Statistical analyses were performed using IBM SPSS Statistics Software 20. Descriptive statistics were used for the clinical and demographic features of the sample. Differences in prevalence of cognitive deficits, MD, and low HRQoL between LGG and HGG groups, and between lower grade patients treated and untreated with adjuvant therapy, were assessed for each time point (t0, t1, t2, t3 and t4) by 2x2 Chi Square tests (see Figures 13). In both LGG and HGG groups, the association of different functional and clinical variables with MD and HRQoL was investigated by bivariate analyses: for each time point (t0, t1, t2, t3 and t4), 2x2 Chi Square tests was performed to test association between mood disorder (MD), the Physical component of HRQoL (PCS) or Mental Components of HRQoL (MCS) and demographics, clinical, histo-molecular factors (age, sex, education level, affected lobe and hemisphere, adjuvant therapies adopted and IDH mutation) and functional factors (cognitive and neurological deficits) of each group (LGGs vs HGGs). Significant associations are shown in Table 3 and 4. In accordance with Chi-squared Test assumptions, the associations showing expected cell frequencies smaller than five were not considered (33). Given the exploratory nature of the study, in order to avoid dramatically increase the chance of Type II errors we did not apply corrections for multiple comparisons (34, 35).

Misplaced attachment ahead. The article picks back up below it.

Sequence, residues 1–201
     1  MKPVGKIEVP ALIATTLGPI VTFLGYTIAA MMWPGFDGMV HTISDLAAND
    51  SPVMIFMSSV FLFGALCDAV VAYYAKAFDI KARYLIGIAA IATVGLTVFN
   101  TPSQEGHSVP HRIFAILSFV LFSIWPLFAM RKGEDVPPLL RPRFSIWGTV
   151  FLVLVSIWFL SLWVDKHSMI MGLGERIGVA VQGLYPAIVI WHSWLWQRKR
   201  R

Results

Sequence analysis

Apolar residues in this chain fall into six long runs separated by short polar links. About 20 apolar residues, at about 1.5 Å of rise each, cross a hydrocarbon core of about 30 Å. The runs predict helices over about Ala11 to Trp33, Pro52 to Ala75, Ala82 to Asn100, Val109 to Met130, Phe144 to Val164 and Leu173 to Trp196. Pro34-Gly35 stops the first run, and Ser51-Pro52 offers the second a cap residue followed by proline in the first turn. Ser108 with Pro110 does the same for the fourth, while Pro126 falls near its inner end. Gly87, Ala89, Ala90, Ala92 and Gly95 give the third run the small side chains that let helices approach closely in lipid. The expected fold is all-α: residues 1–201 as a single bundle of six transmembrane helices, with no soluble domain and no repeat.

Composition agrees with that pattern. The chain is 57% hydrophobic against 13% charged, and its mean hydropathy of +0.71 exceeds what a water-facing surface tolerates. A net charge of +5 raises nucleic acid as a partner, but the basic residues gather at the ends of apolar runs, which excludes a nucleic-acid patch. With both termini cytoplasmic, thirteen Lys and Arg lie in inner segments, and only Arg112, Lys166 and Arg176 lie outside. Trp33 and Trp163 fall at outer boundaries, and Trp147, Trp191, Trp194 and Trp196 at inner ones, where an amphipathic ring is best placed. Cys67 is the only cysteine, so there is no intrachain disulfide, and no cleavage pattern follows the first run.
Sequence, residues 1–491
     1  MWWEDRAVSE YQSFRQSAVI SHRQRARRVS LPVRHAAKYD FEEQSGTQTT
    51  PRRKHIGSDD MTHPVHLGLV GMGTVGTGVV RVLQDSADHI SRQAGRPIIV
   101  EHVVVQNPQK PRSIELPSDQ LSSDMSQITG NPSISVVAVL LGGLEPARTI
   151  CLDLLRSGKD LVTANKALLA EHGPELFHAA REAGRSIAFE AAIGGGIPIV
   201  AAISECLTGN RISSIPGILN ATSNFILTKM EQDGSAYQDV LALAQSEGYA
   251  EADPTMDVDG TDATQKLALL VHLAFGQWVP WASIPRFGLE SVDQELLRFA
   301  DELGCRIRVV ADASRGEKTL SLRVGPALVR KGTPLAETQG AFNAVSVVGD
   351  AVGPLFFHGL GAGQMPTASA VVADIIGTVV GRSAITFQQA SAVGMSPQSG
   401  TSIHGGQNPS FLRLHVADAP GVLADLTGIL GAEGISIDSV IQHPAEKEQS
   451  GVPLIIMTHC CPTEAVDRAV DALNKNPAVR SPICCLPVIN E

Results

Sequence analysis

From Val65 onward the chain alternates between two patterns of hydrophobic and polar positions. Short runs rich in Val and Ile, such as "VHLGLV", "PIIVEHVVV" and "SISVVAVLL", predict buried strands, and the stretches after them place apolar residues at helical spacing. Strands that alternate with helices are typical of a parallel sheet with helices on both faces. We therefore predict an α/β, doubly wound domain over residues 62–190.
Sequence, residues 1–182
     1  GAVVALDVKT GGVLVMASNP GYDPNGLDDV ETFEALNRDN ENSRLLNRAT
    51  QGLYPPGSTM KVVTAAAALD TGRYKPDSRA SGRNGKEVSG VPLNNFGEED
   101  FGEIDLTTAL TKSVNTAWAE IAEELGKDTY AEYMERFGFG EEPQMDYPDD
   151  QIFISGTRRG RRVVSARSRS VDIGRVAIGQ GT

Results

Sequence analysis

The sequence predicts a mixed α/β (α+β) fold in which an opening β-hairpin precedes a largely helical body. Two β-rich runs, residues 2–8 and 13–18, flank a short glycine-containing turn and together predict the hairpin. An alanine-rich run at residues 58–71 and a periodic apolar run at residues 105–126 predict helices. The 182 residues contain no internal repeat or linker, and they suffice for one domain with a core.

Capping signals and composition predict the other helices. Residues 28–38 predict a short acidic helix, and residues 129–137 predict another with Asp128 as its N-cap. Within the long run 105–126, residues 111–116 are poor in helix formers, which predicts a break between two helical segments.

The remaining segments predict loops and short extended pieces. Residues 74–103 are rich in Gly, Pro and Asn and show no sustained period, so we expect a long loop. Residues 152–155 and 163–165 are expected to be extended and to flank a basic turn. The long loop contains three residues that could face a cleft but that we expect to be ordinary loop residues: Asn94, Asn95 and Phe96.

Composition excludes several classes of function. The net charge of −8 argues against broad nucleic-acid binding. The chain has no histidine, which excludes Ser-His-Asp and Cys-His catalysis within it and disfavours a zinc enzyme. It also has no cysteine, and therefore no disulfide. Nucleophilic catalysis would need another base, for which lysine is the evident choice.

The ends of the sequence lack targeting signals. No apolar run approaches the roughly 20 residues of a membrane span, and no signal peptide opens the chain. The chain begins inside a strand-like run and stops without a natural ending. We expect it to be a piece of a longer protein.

FIGURE 1
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Figure 1 Figure shows prevalence of functional deficits for each group and for each time points (t0: pre surgery; t1:1month after surgery; t2: 3 months after surgery; t3: 6 months after surgery; t4: 12 months after surgery). (A) Prevalence of deficit in High Grade glioma (HGG) (Black bars) and in lower grade (White Bars); (B) Prevalence of deficits in Lower patients who underwent adjuvant treatments (grey bars) vs patients who did not undergo adjuvant treatment (white dashed bars). * indicate p < 0,05; ** p < 0,01; *** p < 0.001.

FIGURE 2